In a major victory for asylum seekers, the Constitutional Court has struck down provisions in the Refugee’s Act which render them to be illegally in the country if they have not renewed their visas within a month of it expiring.
As the law stands, asylum seekers who fail to personally renew their asylum seeker visas within one month of their visa’s date of expiry must be regarded as having “abandoned” their applications for asylum.
They may not re-apply for asylum and must be dealt with as illegal foreigners in terms of the Immigration Act.
They have called for the provisions to be reviewed based on the backlog of visa and asylum applications.
Minister of Home Affairs, Dr Aaron Motsoaledi, and his director-general, however, told the court that they dealt with at least 53 000 applications a year and were required to process more than 400 000 applications which had been lodged in a period of two years.
Refugees are therefore treated as illegal foreigners and are subjected to arrest, detention and deportation.
The application was brought via the Scalabrini Centre in Cape Town, which advocates for refugees.
The centre sought a declaratory order that the impugned subsections and the regulations are inconsistent with the Constitution and invalid; and an order reviewing and setting aside the regulations as unlawful and invalid.
In their attack on the subsections and regulations, the centre argued that the department created a system whereby asylum seekers who failed to renew their visas within one month of the date of expiry were deemed to have abandoned their applications.
This was unless they could satisfy the Standing Committee that there were compelling reasons for their failure to renew their visas timeously.
These visas are valid for a maximum period of six months and entitle asylum seekers to temporarily sojourn, and to work or study in the Republic, pending the determination of their application for asylum.
In practice, visas are extended multiple times before an asylum application is decided, which on average takes five years.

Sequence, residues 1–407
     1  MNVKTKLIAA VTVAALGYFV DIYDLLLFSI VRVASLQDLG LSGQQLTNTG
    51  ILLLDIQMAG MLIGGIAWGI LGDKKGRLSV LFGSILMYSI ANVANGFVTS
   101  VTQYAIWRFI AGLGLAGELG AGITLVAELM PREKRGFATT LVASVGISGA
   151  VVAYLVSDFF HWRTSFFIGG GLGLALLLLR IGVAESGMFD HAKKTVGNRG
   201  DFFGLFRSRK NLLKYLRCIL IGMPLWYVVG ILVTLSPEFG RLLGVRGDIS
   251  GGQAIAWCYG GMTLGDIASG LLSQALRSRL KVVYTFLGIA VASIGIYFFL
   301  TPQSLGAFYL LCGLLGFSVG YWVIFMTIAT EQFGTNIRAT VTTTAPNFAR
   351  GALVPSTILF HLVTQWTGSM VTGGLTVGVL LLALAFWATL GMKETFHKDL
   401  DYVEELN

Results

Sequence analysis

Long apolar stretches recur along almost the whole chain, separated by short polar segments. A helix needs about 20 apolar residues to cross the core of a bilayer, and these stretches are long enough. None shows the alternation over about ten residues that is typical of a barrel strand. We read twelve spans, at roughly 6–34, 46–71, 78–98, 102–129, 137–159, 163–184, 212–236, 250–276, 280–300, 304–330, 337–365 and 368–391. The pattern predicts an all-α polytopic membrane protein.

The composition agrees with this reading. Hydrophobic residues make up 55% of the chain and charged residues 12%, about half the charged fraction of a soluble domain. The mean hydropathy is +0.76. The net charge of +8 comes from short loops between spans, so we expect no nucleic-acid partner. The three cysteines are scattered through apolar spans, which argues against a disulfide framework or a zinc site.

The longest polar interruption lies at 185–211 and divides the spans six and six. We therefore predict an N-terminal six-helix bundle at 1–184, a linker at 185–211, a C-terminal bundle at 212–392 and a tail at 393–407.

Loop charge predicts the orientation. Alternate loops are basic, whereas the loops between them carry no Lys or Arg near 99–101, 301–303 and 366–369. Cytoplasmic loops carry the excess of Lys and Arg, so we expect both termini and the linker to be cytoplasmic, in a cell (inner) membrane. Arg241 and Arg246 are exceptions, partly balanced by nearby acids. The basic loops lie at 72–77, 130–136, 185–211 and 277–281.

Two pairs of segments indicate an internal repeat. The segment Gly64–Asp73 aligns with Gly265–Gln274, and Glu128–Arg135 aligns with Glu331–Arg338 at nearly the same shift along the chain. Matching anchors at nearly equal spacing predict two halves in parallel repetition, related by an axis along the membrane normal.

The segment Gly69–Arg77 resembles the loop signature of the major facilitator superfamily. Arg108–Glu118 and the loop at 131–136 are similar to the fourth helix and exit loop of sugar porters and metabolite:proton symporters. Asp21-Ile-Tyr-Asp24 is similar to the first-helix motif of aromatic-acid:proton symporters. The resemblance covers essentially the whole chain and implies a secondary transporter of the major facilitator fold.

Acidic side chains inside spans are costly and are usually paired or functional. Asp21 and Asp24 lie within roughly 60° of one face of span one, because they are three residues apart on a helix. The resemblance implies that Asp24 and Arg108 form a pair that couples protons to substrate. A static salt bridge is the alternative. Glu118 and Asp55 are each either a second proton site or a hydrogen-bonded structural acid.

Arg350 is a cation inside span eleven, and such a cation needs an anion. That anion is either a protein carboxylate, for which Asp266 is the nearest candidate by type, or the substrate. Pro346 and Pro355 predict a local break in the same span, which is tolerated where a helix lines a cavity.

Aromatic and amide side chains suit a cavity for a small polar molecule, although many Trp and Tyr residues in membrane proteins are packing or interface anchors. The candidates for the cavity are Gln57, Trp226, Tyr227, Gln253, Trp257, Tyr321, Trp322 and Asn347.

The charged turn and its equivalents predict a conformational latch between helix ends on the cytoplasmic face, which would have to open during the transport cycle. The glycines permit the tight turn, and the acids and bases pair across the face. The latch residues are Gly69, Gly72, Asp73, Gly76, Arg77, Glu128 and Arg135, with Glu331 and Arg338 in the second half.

This system, the centre contended, is inconsistent with international law, the Constitution, and the objects of the Refugees Act. It argued that even if the failure was the asylum seeker’s fault, such harmful and inhumane consequences (to have to return to a country where they fear for their lives) could not be justified under the Constitution.
Home Affairs, on the other hand, justified the situation as it said the administration of visas and specifically, expired visas, placed a huge burden on the department’s officials. This is because a substantial number of applicants are not genuine asylum seekers and know that their applications for asylum will be rejected.
As a result, the Department has about 737 315 inactive visa applications under the Refugee Act. The department said these inactive cases disproportionately exceeded the number of active cases, created a massive backlog and resulted in delays in finalising asylum applications.
This backlog, according to the Auditor General, would take about 68 years to clear – excluding any new applications for asylum.
Acting judge Ashton Schippers, who wrote the unanimous judgment, said this was hardly surprising. He referred to another case, in which it was said: “South Africa is amongst the world’s countries most burdened by asylum seekers and refugees. That is part of our African history, and it is part of our African present.”
The Western Cape High Court earlier found that the impugned subsections constituted a violation of the principle of non-refoulement. These provisions permit the return of asylum seekers to the countries from which they fled, where they may face torture or death, simply because they are late in renewing a visa.
The impugned subsections also have an adverse impact on the rights of children, and cannot be cured by a bureaucratic review by the Standing Committee as to why asylum seekers failed to renew their visas.
The purpose of the impugned subsections, according to the department, is to motivate asylum seekers to attend refugee reception offices more regularly so as to reduce the backlog of asylum applications. This, the high court said, was a limitation of the rights to dignity, life and the rights of children, which was not justified under the Constitution.
Consequently, the court declared the impugned subsections and the regulations inconsistent with the Constitution and invalid.
As the matter concerned legislation and constitutional issues, the apex court now had to speak the last word on the matter.
Judge Schippers said refugees were, by definition, persons in flight from persecution or threats to their life, physical safety or freedom and other serious human rights abuses. He said they should not be forced to return to the country inflicting these harms.
They were an “especially vulnerable group” in our society and their plight called for compassion, he said.
The ConCourt found that the impugned subsections were directly at odds with this and the principle of non-refoulement. The court further found that the subsections also infringed the right to dignity and cut across other fundamental rights.
The impugned subsections were irrational and arbitrary and they served no legitimate government purpose, the ConCourt concluded.